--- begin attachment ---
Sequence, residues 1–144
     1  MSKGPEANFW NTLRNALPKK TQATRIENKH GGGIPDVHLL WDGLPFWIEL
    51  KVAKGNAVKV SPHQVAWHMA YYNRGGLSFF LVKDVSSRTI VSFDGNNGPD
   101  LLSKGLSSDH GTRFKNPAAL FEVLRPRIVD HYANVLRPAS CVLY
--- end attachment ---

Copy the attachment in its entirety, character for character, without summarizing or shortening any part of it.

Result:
Sequence, residues 1–144
     1  MSKGPEANFW NTLRNALPKK TQATRIENKH GGGIPDVHLL WDGLPFWIEL
    51  KVAKGNAVKV SPHQVAWHMA YYNRGGLSFF LVKDVSSRTI VSFDGNNGPD
   101  LLSKGLSSDH GTRFKNPAAL FEVLRPRIVD HYANVLRPAS CVLY